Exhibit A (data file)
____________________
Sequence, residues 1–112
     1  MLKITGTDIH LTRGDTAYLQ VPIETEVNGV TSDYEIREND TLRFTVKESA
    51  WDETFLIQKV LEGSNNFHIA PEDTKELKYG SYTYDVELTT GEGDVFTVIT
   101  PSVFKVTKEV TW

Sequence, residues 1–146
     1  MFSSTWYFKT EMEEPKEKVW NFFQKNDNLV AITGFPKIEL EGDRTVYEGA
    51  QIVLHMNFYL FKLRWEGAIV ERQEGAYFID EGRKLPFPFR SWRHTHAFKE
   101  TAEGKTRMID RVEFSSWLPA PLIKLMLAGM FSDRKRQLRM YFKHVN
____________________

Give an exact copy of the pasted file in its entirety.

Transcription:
Sequence, residues 1–112
     1  MLKITGTDIH LTRGDTAYLQ VPIETEVNGV TSDYEIREND TLRFTVKESA
    51  WDETFLIQKV LEGSNNFHIA PEDTKELKYG SYTYDVELTT GEGDVFTVIT
   101  PSVFKVTKEV TW

Sequence, residues 1–146
     1  MFSSTWYFKT EMEEPKEKVW NFFQKNDNLV AITGFPKIEL EGDRTVYEGA
    51  QIVLHMNFYL FKLRWEGAIV ERQEGAYFID EGRKLPFPFR SWRHTHAFKE
   101  TAEGKTRMID RVEFSSWLPA PLIKLMLAGM FSDRKRQLRM YFKHVN